Last weekend one of our students brought and used a Wilson 1911. It worked fine, but like most possessors of such expensive guns, its owner used downloaded, unjacketed, “practice” ammunition. Smokey, greasy, and underpowered, I consider such ammunition unsuitable for any legitimate purpose. It does not give the user a legitimate impression of what shooting real ammunition is like, in terms of recoil and muzzle flash/blast. Accordingly, I encourage students to use full-powered, “service” ammunition in training, but owners of expensive pistols worry obsessively about “excessive wear” and often use this underpowered crap instead.
The pistol was also equipped with a “recoil buffer,” one of Wilson’s trademarks. When I inspected the gun, I removed it, to the horror of the gun’s owner. He indicated that the pistol was “tuned and set up” for the buffer and that it may not work without it. I told him not to worry and explained that I’ve seen buffers break into pieces and jam up many pistols. In addition, when equipped with such buffers, pulling back the slide and releasing it may not chamber a round, as the buffer takes up so much room that the slide thus cannot move back far enough to cam down the slide-stop lever. It’s a really bad idea on any serious gun.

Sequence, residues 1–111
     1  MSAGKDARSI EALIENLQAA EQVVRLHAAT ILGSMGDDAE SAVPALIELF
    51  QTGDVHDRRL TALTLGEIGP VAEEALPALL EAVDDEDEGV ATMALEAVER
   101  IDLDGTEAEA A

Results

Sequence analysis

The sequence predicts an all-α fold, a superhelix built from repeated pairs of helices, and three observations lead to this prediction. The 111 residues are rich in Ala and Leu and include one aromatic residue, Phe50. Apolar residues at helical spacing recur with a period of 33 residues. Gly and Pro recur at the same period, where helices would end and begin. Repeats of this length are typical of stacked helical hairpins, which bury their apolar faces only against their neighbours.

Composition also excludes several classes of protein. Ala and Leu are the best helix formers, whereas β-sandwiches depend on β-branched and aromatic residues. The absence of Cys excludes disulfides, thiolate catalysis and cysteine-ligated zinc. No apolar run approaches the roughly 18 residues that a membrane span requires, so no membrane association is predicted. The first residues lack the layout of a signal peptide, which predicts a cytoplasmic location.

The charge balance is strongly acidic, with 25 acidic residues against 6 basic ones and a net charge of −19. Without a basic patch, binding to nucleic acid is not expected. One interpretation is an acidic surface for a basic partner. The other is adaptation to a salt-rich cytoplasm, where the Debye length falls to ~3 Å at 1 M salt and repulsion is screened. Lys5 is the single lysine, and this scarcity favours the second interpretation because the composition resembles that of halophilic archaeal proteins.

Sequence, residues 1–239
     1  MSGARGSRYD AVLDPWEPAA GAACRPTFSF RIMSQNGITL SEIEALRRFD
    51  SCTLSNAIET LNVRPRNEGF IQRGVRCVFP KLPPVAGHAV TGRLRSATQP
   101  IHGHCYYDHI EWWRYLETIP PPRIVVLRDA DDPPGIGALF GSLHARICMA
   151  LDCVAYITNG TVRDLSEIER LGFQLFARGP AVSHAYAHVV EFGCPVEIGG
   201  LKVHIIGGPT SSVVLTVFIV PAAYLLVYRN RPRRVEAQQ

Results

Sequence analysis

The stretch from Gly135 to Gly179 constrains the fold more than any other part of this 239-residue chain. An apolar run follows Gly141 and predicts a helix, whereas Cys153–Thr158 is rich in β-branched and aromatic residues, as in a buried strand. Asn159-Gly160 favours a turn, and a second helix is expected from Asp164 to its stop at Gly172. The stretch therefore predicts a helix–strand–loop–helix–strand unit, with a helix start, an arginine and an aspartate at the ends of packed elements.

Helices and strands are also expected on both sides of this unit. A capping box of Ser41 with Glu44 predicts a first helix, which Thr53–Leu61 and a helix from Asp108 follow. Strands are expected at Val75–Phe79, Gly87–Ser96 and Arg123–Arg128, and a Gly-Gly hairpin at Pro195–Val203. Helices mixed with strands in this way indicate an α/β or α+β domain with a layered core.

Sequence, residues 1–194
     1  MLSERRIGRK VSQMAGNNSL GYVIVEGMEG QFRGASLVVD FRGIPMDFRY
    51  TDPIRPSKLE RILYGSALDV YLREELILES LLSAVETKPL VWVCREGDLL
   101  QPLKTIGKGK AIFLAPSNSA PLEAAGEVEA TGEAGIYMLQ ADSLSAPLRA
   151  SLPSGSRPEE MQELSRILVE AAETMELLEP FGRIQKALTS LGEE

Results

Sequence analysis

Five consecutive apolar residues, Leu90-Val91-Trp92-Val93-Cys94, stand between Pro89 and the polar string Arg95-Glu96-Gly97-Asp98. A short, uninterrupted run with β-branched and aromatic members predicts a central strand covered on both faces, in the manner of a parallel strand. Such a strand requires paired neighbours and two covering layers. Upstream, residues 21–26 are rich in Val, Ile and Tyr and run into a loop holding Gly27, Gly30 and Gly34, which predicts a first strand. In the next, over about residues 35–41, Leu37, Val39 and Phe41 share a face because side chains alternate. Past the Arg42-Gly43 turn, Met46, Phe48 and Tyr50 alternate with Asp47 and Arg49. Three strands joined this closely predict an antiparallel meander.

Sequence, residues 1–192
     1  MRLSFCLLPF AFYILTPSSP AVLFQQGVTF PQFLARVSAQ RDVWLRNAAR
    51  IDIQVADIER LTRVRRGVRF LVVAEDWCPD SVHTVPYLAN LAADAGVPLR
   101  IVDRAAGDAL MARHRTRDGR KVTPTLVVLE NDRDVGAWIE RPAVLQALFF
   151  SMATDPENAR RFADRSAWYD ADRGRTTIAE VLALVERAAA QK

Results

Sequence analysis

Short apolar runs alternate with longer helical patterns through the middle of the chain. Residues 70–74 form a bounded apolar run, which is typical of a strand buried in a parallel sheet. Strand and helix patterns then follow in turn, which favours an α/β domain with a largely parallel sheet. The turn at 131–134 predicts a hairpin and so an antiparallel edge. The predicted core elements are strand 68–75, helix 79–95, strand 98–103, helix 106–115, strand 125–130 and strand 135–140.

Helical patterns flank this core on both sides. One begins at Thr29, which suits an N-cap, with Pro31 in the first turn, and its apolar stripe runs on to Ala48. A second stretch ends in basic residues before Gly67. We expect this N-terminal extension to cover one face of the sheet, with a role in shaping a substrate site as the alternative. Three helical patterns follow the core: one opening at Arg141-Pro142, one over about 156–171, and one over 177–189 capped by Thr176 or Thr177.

The Wilson ran just fine without the buffer. It even ran fine with a few rounds of real ammunition we put through it.
Lesson: We all tend to cherish prized possessions, particularly when they are expensive and take a long time to get. However, with serious pistols, we have to remember who is working for whom! Serious guns don’t need to be pretty, but they do need to work, not just under ideal conditions, but in the mud, blood, and beer too. And, we need to train with them using real ammunition. In my experience, they can take it, if we just stop babying them and give them a chance!